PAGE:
A new Brazilian program, run by a private foundation, illustrates a new way of thinking about saving forests – that the economy drives conservation.
Sara Miller Llana/The Christian Science Monitor
Costa do Arara, Brazil
Deep in the Amazonian rainforest, communities like this one, where 300 families spread out along the banks of the river in wooden huts on stilts, have been at the center of the world's greatest environmental debate: how to save the Amazon. But these communities, and their local officials, have long been left out of negotiations.
Now, leaders in Brazil's state of Amazonas are starting an incentive program that pays residents not to cut down trees. The program, run by a private foundation, illustrates a new way of thinking about saving forests – that the economy drives conservation – but is also a fresh attempt by the state government to carve a role for itself.
While Brazil's agricultural industry booms to the delight of investors and a hungry world, the downside was just made apparent in a report showing that deforestation rates in the Amazon are up considerably for the first time in three years. The Amazon has lost 20 percent of its original forest. And new pressures lie ahead as agriculture encroaches.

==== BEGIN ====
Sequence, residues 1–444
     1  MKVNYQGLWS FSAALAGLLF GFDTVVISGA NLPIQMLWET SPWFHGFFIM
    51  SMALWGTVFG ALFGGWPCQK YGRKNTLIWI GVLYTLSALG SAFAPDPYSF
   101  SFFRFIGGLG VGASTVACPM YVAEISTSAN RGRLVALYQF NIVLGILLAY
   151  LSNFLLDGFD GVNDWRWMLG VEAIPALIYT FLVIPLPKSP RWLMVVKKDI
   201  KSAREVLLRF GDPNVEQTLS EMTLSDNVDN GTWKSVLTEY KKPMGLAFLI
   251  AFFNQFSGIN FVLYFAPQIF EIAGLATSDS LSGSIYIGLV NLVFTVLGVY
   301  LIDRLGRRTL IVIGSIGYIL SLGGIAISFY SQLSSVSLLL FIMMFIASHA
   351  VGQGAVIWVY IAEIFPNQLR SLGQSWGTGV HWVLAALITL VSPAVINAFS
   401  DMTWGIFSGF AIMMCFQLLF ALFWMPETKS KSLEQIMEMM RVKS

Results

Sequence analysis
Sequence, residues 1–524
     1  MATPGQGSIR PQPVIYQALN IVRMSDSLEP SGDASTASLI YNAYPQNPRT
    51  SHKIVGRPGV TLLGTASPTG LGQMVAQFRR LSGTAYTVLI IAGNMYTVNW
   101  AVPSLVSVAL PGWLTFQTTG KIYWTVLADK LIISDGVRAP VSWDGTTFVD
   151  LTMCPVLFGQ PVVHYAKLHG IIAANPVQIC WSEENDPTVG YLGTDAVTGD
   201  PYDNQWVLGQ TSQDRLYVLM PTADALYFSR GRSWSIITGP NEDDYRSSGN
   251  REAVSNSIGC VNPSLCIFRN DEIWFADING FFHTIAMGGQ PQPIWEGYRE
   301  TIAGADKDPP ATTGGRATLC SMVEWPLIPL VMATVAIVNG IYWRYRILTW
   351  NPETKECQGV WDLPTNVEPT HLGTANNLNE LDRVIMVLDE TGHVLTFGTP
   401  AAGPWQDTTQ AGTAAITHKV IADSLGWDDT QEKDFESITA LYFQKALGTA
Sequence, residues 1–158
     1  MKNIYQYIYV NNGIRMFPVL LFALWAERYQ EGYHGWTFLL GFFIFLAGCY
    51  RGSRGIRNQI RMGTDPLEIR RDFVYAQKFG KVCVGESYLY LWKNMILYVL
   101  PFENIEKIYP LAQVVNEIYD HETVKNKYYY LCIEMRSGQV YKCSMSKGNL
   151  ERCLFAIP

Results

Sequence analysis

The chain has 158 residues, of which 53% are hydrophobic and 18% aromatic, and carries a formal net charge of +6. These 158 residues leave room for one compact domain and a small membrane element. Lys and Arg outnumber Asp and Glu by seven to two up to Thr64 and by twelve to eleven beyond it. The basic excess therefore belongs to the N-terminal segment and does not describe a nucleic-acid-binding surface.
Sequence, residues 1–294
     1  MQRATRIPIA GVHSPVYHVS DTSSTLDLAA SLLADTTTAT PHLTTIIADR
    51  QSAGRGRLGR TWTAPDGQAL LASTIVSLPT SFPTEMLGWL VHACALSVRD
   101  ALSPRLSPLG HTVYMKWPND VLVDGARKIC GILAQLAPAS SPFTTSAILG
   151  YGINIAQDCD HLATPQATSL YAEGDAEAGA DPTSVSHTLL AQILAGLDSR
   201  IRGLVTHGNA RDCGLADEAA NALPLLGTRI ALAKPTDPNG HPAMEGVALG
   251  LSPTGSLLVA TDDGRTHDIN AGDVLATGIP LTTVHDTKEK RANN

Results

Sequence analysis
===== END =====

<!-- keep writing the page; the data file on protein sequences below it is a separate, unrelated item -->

Now the state is experimenting with a REDD program – which stands for Reducing Emissions from Deforestation and Degradation and is based on the type of international carbon-trading model in which rich countries compensate developing countries for not destroying their forests.